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Children respond positively to structure – this means knowing what to expect in their day-to-day lives. They especially benefit from routines around sleep and meal times, which will help them cope better if anything unexpected does crop up. Visit our ‘keeping your child or teen healthy’ sections for further information on sleep and healthy eating.

Going back to school

school friends a boy and two girls with school backpacks on their backs walk after classReturning to school after the holidays can be difficult for some children. Getting back to term-time schedules takes patience and perseverance after relaxed routines with later bedtimes and longer lie-ins. Try bringing things back a few days before the end of the holidays – the night before school won’t be a great time to suddenly re-set the clocks. Let your child know it’s okay to feel anxious or worried about going back to school.

Listening to your child helps them feel supported and can encourage them to start to manage their own feelings. Praise your child for their efforts. Let them know you appreciate the hard work they are putting into their school day. Positive reinforcement will help encourage them to keep going. Being listened to, and sharing stories, will help your child feel supported and may encourage them to manage their own feelings. Visit our anxiety page for more support.

Be a positive role model

Children look to you for reassurance; it’s how they learn how to behave and act in similar situations. If you’re feeling anxious, your child might pick up on these feelings. It’s important for them to see how you manage your feelings effectively, and in a positive way. Try to stay calm and relaxed and show them how you problem-solve and make plans.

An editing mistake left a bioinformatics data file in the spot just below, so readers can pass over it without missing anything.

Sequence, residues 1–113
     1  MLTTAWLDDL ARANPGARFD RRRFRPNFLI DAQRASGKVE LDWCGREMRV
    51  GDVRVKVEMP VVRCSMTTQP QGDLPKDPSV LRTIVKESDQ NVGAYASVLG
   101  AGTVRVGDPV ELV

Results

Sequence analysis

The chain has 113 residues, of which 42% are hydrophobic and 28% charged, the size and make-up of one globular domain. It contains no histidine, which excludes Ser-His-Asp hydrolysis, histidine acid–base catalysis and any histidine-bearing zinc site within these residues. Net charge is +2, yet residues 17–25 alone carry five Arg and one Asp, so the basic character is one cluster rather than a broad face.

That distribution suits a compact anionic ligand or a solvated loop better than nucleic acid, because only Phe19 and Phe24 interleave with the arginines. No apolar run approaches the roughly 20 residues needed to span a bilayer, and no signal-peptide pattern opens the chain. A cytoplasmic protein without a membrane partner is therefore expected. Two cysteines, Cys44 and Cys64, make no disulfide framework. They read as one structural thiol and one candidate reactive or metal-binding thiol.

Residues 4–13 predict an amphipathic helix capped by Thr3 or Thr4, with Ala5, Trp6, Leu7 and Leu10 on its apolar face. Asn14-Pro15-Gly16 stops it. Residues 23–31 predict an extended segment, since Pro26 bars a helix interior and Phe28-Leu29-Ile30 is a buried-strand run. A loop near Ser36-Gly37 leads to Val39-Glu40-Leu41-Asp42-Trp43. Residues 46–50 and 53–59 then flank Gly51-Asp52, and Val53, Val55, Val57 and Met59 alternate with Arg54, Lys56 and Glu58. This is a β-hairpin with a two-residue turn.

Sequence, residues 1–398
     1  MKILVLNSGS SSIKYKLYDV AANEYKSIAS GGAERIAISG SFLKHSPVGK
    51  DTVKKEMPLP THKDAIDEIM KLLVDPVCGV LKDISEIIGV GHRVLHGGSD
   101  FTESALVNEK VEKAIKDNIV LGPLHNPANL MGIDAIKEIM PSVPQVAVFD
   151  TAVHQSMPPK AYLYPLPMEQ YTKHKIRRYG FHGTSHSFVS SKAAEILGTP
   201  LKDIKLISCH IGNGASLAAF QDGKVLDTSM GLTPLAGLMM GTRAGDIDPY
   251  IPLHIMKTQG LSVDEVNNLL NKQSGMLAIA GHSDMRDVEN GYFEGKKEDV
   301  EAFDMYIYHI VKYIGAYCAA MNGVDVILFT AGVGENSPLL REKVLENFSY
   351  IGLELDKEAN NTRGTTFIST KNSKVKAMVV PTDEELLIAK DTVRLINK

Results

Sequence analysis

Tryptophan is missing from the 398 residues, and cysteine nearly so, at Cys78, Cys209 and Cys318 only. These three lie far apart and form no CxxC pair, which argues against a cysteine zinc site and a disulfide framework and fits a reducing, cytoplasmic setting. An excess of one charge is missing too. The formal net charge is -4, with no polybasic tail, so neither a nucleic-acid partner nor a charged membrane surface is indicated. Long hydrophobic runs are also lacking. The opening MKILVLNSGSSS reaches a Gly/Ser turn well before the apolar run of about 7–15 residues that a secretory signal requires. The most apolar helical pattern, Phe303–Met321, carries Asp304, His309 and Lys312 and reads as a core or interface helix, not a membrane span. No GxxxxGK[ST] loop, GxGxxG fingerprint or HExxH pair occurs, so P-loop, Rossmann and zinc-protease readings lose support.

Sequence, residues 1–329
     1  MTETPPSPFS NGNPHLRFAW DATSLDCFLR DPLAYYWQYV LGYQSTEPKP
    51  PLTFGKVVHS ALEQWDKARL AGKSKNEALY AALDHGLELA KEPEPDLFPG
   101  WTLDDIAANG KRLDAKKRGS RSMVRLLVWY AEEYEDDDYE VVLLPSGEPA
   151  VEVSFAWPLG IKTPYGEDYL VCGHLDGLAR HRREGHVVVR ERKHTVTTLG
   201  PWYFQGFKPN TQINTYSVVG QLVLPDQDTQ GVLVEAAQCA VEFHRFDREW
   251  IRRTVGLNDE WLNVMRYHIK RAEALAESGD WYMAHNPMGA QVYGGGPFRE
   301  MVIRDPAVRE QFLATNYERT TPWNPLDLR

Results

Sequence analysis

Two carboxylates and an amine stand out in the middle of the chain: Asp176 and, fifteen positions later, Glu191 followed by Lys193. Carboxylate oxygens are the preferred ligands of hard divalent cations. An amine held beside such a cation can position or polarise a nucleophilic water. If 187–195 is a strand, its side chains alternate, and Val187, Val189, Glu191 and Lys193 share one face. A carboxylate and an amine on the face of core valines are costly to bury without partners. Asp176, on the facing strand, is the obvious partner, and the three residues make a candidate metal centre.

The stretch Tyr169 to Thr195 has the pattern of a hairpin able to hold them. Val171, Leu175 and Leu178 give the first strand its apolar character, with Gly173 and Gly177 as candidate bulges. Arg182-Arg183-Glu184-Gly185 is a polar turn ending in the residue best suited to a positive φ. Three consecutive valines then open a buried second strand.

Try to keep to your own routines, and show your child that you’re doing it. Eating a healthy diet and doing regular exercise will help them see that it’s possible and enjoyable to have a healthy life. By showing your child positivity, you’ll be helping them feel contained, safe and, importantly, teaching them healthy behaviour. You can find more support in our ‘Keeping your child or teen healthy’ sections.

Your child with additional needs

Any change to your family routine can be challenging for children and their parents/carers. If your child has additional needs or neurodivergence or disabilities, these changes can feel even more unsettling. You can do certain things to help support their child when changes take place.

  • Be upfront and chat with your child about the changes that are happening.
  • Use the most suitable communication style for them, such as social stories, photographs or drawing together.
  • Allow your child to get familiar with the changes by repeating the conversation with them a number of times.
  • Visual aids can be useful in helping your child make sense of situations, so use a wall calendar to mark off the days until the upcoming change happens.

Useful resources:

  • YoungMinds is a support network to help you while you’re supporting your child.
  • Contact Kent School Health - we really want to hear from you if you feel you need more support for you and your child.